17 May 2011

‘A Sort of Night to the Mind, A KIND OF NIGHT FOR OUR THOUGHTS’ exhibition @ Arch 402 Gallery, London

This is an interesting mixed show of contemporary painters in London at the Arch 402 Gallery, some abstract, some semi-abstract, figurative and cross-disciplinary. This is showing until 10 June, 2011 (gallery hours: Wed-Fri 11-6, Sat-Sun 11-3 PM).
Roger Kelly, 'Separator' 2011
Phillip Allen,  Edwin Aitken,  Andrew Bick,  Simon Burton,  Varda Caivano,  Leigh Clarke,  Nigel Cooke,  Moyra Derby,  Pamela Golden,  Mark Hampson,  Beth Harland,  Mark Harris,  Vincent Hawkins,  Claude Heath,  Paul Housley,  Roger Kelly,  Bob Matthews,  Andrea Medjesi-Jones,  Jost Münster,  Martina Schmid,  Joel Tomlin,  Phoebe Unwin,  Julian Wakelin

'A Sort of Night to the Mind, A KIND OF NIGHT FOR OUR THOUGHTS', an exhibition of twenty-three UK based artists engaged with painting. Curated by Moyra Derby and Bob Matthews, the exhibition will also host a series of talks and educational events led by some of the featured artists.
Two alternative translations of
Honoré de Balzac’s description of illusion from the 1832 short story ‘The Purse’ provide the title for this exhibition. First shown at The Herbert Read Gallery  at the University for the Creative Arts in Canterbury, ‘A Sort of Night to the Mind, A KIND OF NIGHT FOR OUR THOUGHTS’ demonstrates the recurring relevance of illusion and in counterpoint, materiality. Illusion and materiality can be argued as so inevitable in the context of painting as to hardly warrant remark, but at the same time they muster such historically resonant responses and strength of feeling that they can feel like a prompt to take sides. However it is an interest in the productive play between these two qualities of a marked surface that has brought this group of works together, an acknowledgment of the imaginative potential of oppositions; “In the half light the physical tricks used by art to make things seem real disappear completely.... At that hour illusion reigns supreme; perhaps it comes with the night? Is not illusion a kind of night for our thoughts, a night which we furnish with dreams.'

Andrew Bick, oil on canvas, 2010

16 May 2011

A few thoughts on abstraction/political art and 'Joan Miro: The Ladder of Escape' exhibition, Tate Modern, London

We shouldn't underestimate the significance of Joan Miro, currently on show at Tate Modern, 'Joan Miro: The Ladder of Escape'. We can see the 20th Century unfold through his work, about 150 works on show, from early Fauvist pieces, through Cubism and into Surrealism. By the 1960's he was responding to the developments in abstraction taking place in both Europe and America. I wonder if we'd have CoBrA, Dubuffet, Tapies, the playfulness of Arte Povera and many other movements that have the same 'naivety' yet retain a strong political presence, if not for the likes of Miro. This work entitled 'Fireworks, I,II,II' is a great triptych about space and spontaneity, from a man in his eighties with fire in his belly.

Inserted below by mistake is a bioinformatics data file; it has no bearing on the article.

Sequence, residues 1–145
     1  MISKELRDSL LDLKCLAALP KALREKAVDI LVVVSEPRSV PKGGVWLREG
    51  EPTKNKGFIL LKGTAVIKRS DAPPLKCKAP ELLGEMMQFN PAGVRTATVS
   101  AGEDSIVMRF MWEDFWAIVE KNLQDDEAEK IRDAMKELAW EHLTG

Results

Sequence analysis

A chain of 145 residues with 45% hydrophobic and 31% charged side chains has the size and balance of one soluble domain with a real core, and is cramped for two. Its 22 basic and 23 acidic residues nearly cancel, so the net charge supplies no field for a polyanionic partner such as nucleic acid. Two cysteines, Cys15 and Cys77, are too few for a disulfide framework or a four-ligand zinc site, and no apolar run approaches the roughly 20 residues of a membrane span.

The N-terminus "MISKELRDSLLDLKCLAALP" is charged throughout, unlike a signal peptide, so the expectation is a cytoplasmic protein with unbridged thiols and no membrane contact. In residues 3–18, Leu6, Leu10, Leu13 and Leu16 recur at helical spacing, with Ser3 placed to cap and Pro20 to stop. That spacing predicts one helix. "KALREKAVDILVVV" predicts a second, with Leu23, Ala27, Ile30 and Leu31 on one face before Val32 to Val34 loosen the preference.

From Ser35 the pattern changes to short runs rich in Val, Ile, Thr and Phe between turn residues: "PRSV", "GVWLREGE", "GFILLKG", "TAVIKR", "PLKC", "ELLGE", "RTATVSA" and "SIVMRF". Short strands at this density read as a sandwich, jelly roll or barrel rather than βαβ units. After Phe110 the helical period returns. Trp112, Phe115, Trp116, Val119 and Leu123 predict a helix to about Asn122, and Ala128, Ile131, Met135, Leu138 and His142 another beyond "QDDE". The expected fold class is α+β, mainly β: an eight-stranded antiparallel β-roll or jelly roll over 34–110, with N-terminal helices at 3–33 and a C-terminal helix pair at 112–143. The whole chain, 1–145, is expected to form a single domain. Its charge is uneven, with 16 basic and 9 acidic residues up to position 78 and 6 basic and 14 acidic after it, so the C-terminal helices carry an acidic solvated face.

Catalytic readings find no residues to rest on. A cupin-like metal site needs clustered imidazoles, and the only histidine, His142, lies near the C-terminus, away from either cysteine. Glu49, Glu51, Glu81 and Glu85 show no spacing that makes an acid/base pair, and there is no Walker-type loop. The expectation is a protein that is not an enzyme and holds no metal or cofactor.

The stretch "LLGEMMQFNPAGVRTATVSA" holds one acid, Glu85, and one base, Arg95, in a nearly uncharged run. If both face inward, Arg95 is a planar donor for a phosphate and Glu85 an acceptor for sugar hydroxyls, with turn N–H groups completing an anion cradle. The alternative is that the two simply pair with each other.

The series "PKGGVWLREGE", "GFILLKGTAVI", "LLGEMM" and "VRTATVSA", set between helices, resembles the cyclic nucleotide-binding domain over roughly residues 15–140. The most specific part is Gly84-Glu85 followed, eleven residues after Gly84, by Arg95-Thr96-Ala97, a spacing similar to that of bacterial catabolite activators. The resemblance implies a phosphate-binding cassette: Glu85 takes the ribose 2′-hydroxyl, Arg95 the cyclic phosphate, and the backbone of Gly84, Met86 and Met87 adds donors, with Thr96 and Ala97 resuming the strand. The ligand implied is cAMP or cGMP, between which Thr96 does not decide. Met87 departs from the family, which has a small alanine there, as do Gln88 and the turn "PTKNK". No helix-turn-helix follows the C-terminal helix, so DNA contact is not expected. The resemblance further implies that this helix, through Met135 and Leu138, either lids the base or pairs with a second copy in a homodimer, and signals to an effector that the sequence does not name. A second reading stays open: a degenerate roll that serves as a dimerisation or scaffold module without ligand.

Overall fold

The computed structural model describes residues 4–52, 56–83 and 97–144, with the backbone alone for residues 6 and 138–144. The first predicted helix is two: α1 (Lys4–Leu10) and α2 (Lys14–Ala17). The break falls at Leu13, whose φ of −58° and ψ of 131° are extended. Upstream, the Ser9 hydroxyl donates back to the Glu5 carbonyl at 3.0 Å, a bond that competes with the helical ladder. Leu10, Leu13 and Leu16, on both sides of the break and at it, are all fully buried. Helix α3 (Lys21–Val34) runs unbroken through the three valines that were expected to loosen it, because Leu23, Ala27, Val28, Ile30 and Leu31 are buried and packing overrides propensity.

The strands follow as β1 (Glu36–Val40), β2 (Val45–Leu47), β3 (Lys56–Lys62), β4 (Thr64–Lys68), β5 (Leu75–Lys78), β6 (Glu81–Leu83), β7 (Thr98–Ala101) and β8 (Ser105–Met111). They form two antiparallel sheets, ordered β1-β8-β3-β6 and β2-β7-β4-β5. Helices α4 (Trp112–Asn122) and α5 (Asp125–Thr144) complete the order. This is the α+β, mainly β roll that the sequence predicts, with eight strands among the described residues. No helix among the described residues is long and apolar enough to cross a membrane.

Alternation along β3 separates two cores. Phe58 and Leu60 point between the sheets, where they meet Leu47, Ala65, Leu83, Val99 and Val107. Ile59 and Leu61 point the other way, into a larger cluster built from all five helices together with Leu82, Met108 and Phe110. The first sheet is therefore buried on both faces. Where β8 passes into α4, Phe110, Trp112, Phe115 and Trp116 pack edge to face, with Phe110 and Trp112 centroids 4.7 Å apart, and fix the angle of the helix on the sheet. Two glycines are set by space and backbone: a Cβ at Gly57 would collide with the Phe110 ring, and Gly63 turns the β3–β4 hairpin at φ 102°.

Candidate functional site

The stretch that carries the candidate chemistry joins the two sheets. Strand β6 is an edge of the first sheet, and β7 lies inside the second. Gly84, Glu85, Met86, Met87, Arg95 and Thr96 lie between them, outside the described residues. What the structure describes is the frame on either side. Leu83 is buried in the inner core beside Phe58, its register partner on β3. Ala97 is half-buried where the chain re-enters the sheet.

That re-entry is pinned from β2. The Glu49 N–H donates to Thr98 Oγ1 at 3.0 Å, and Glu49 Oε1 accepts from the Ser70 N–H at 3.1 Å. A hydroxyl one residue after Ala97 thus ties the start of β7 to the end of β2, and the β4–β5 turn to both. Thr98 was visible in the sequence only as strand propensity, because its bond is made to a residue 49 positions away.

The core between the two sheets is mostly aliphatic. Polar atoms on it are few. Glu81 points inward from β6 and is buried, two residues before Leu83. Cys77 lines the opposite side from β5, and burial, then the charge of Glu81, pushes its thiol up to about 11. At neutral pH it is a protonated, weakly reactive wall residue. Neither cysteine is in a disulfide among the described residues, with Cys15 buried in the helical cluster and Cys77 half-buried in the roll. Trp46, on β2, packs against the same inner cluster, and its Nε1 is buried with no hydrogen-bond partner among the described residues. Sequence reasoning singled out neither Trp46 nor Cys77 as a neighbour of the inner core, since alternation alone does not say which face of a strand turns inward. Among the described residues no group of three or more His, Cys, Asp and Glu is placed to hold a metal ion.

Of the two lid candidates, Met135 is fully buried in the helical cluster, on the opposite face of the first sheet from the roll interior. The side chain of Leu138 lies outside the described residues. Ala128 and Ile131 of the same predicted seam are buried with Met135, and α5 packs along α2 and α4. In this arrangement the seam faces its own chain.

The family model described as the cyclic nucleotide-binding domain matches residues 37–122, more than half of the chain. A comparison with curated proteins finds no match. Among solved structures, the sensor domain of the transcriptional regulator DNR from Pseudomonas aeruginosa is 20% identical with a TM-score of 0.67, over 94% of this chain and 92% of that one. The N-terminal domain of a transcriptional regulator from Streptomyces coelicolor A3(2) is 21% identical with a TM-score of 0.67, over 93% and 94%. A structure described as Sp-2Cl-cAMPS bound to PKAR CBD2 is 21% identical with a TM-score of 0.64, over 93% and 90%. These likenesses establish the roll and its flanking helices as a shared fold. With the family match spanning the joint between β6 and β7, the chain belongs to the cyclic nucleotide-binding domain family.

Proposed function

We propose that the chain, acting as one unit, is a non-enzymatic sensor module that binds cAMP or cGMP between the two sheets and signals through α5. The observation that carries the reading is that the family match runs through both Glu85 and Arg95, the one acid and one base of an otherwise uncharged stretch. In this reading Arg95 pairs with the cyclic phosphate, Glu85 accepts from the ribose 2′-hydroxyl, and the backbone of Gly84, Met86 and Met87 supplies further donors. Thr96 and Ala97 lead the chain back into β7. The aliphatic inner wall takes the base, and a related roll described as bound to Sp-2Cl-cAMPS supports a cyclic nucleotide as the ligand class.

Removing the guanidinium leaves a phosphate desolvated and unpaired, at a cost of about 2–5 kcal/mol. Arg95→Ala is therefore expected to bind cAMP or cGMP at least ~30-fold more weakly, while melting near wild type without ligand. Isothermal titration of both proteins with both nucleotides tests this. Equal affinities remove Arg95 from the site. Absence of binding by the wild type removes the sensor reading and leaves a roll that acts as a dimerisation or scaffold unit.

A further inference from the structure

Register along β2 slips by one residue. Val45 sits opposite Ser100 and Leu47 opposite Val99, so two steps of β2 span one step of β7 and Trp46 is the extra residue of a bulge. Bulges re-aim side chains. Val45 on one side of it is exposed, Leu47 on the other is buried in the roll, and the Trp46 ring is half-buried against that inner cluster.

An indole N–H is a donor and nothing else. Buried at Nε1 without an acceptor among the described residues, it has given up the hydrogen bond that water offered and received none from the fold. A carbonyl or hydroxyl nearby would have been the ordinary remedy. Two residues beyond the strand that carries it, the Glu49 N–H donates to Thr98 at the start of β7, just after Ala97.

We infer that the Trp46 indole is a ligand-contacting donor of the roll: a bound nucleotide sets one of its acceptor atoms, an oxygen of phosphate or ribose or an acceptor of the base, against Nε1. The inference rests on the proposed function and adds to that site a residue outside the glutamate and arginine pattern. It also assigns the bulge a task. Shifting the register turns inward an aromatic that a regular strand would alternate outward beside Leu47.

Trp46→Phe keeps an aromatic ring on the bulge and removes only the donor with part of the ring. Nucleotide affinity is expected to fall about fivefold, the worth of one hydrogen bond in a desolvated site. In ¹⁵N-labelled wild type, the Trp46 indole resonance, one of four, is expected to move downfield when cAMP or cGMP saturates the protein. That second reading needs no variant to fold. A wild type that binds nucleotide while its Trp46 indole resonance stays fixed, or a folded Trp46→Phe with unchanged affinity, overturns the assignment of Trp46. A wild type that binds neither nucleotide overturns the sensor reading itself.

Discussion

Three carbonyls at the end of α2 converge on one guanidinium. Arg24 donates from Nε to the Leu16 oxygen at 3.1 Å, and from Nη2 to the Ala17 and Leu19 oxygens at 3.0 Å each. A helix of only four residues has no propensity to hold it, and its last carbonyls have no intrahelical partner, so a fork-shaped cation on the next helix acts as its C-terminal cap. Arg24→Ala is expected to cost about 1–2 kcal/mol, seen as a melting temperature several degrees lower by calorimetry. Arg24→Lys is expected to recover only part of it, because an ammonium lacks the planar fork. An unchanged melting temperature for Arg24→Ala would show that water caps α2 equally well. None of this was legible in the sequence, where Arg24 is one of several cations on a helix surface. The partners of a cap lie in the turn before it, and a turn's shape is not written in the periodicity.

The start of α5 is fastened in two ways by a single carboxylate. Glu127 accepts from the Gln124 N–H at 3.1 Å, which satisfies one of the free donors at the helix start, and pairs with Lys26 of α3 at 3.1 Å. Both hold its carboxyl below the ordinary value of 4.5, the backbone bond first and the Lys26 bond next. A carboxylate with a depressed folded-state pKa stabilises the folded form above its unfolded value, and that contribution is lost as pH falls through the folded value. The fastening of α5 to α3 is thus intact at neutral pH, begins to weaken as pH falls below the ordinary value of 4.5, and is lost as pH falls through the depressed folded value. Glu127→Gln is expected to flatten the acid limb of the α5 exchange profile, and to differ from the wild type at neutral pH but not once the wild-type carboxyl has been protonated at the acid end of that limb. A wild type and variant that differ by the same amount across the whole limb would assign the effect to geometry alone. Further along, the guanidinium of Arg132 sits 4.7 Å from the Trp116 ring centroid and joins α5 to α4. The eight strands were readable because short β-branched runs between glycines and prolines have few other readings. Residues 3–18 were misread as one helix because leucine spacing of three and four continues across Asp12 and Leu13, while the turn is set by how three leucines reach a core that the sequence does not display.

Joan Miro 'Fireworks, I,II,III' oil on canvas, 1974 (c) Artobserved
Parallels to Robert Motherwell and especially his 'Elegy to the Spanish Republic' as well as his 'Zen' lithographs abound here, they almost echo each other across the Atlantic. Many of the critics in the British press have focused on the early Miro works as the most significant, but I think the curators (see BBC interview with Matthew Gale here and Marko Daniel) have done well in bringing a sympathetic understanding to the late works, showing his experimental and versatile approach to his art-making in the last few rooms of the exhibition.

Robert Motherwell 'Elegy to the Spanish Republic' oil on canvas, 1961. (c) Metropolitan Museum
Most poignant was the last painting in Room 13, entitled 'Tete' (Head) (I unfortunately can't find an image for it). It was a painting started in the 1940's and finished in 1974. It is a black, dark mass with one red beady eye in the centre and a hand in the top left, is it waving or drowning? It has a subtle power suggesting imprisonment, it reminds me of Paul Klee's 'Captive' or 'Embrace' from 1939, that echo a different oppressive era. This is where the strength of Miro lies, in his emotional and political sensibilities with paint as his tool. 

Paul Klee 'Embrace' oil on paper, 1939

Downstairs we passed through the Turbine Hall and saw what remains of Ai Weiwei's 'Sunflower Seeds' being demounted and bagged up. There were signs reminding the public of his subsequent arrest and I thought how apt that last Miro painting of show was, but also how powerful abstraction in painting can be in such difficult times.

'I understand that an artist is someone who, in the midst of others' silence, uses his own voice to say something and who makes sure that what he says is not useless, but something that is useful to mankind.' Joan Miro

Ai Weiwei's bagged up 'Sunflower seeds', Turbine Hall, Tate Modern (c) David Moxon